Because of the nature of motorcycling and mode of operation, the legs are at a high risk of severe injury in an accident. In fact, according to a 2008 report from the National Highway Traffic Safety Administration, lower extremity injuries “were the most common injury sustained by motorcyclists treated at level I and level II trauma centers” during the study period.
Below is a brief overview of the types of leg injuries from motorcycle accidents in Kirkland and the consequences of these injuries. If hurt in an accident another motorist caused, you may file a claim for damages.
Common Leg Injuries from Motorcycle Accidents
Some common leg injuries sustained in motorcycle accidents are:
- broken leg (femur, fibula, tibia);
- hip injuries (dislocation, fractures);
- knee injuries (fractures, sprains, dislocation);
- ankle injuries (fractures, dislocation);
- foot injuries (foot and toe fractures);
- amputations (if the leg muscles, nerves and bones are damaged so severely that it is not possible to repair them, doctors may decide to surgically remove the leg); and
- crushing injuries (during some motorcycle accidents, the motorcyclist's leg is pinned under the vehicle and is dragged several yards, causing severe damage to the muscles, nerves and bones).
In 2008, the NHTSA released a report on the incidence and severity of lower extremity injuries in motorcycle accidents. According to the report, the number of motorcycle accidents actually increased between 1997 and 2006. There was an increase of 61 percent in the number of motorcyclists involved in accidents.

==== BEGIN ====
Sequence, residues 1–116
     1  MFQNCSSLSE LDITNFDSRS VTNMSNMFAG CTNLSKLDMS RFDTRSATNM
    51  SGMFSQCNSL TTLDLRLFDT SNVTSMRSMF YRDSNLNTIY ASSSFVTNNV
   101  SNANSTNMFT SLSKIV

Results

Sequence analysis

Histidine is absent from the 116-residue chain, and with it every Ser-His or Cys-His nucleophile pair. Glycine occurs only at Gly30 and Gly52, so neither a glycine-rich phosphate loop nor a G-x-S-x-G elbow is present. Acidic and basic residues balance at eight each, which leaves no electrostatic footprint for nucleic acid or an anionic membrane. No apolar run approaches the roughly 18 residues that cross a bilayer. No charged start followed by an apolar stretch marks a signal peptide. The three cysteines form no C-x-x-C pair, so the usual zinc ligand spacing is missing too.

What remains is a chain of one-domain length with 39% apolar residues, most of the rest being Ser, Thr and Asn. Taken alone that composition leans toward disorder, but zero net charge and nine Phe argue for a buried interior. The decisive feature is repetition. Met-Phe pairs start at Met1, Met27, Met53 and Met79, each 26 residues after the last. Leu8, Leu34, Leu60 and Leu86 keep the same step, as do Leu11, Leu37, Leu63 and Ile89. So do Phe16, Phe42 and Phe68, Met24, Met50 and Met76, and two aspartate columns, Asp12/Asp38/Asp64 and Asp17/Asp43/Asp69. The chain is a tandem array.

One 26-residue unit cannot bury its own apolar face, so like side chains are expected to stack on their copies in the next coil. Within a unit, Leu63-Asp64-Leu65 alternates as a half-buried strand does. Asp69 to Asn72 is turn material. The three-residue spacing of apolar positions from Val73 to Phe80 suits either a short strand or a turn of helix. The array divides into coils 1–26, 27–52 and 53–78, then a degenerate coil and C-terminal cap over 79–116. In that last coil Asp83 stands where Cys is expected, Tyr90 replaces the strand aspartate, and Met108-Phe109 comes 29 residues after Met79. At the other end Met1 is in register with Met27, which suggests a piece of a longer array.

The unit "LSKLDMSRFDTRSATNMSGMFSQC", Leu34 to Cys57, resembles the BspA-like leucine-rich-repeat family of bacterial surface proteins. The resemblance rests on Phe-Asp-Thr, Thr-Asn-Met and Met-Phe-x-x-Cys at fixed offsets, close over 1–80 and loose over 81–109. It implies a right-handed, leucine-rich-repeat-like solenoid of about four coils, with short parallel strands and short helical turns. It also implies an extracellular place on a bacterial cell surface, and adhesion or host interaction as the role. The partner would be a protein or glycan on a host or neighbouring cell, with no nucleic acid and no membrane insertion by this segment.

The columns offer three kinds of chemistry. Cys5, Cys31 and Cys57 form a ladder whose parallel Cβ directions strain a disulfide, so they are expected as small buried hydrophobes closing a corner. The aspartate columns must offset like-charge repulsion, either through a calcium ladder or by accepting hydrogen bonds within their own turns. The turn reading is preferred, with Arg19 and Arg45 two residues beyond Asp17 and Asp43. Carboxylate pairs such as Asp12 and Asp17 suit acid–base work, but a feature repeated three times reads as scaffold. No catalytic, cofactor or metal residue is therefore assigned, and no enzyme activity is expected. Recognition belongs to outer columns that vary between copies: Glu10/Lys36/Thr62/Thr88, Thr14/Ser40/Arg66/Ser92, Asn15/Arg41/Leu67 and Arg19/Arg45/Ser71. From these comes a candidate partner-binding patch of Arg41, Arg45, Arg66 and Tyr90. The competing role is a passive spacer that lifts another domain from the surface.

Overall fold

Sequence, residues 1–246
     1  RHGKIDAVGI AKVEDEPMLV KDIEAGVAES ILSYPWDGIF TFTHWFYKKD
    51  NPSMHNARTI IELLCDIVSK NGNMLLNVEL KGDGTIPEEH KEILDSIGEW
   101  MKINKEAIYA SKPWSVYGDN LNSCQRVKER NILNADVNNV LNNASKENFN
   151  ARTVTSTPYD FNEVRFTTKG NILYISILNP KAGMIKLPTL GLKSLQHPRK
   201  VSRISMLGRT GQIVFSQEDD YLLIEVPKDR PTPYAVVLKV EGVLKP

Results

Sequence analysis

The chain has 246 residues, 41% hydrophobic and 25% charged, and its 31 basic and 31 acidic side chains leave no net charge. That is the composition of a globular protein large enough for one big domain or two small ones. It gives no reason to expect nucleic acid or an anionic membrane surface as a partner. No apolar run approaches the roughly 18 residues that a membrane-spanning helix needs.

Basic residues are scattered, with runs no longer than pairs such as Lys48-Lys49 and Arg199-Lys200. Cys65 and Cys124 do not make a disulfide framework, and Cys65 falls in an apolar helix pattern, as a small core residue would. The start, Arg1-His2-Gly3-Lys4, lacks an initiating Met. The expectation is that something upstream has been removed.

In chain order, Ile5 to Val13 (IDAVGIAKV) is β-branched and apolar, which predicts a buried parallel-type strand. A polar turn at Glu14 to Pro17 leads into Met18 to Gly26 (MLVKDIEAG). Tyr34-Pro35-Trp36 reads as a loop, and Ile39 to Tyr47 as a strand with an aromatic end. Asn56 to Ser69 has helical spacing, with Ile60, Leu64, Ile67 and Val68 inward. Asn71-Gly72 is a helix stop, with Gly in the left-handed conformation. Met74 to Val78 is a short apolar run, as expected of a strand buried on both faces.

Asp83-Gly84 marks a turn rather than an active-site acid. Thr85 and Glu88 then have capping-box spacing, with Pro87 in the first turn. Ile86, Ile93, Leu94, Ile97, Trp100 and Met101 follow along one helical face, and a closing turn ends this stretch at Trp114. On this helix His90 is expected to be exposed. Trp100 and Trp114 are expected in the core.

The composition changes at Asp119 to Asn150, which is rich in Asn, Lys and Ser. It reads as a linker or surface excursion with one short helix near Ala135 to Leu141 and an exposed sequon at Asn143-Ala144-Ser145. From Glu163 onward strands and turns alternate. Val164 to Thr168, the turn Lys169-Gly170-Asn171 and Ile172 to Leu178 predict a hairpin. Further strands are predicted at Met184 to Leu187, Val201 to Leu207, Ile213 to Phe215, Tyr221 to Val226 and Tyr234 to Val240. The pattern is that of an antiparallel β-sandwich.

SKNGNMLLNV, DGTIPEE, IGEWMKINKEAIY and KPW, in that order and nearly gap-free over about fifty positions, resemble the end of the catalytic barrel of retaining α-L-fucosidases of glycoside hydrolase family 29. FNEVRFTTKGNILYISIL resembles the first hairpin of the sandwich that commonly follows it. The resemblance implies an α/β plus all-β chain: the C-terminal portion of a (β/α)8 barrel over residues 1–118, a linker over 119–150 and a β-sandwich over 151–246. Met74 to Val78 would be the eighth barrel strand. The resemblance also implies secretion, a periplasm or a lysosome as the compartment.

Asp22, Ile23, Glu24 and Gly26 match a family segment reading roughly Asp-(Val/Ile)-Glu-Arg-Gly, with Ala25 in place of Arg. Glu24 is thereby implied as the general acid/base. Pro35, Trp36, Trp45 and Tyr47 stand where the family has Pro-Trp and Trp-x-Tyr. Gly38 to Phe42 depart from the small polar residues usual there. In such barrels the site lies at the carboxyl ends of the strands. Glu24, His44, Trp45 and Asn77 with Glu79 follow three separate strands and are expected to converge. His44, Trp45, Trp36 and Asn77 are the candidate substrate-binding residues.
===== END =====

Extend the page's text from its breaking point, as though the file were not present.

The report also found that the median medical cost for a single isolated lower extremity injury was $20,745. Costs were higher for multiple lower extremity injuries and lower extremity injuries in combination with injuries to other areas of the body.
Consequences of Motorcycle Leg Injuries
Lower leg injuries can cause secondary consequences that reach into various aspects of the motorcyclist’s life.
Some possible consequences of a lower leg injury from a motorcycle accident are:
- difficulty walking and getting around;
- difficulty going back to work;
- reduced earnings because of inability to perform the same job as the worker was performing before the injury (a worker required to stand for long periods of time can no longer return to his former job, for example, if he has suffered a crushed leg and has undergone an amputation);
- reduced mobility and movement;
- stress and anger; and
Seek Help from an Attorney at Max Meyers Law
A motorcycle accident claim for damages related to a leg injury must take into account not just medical expenses and lost earnings, but also the future lost earning potential and noneconomic damages related to the effects of the injury. Consult a motorcycle accident lawyer at Max Meyers Law if you suffered injuries in a Kirkland motorcycle accident. Call us at or fill out the online contact form to set up a consultation with an attorney.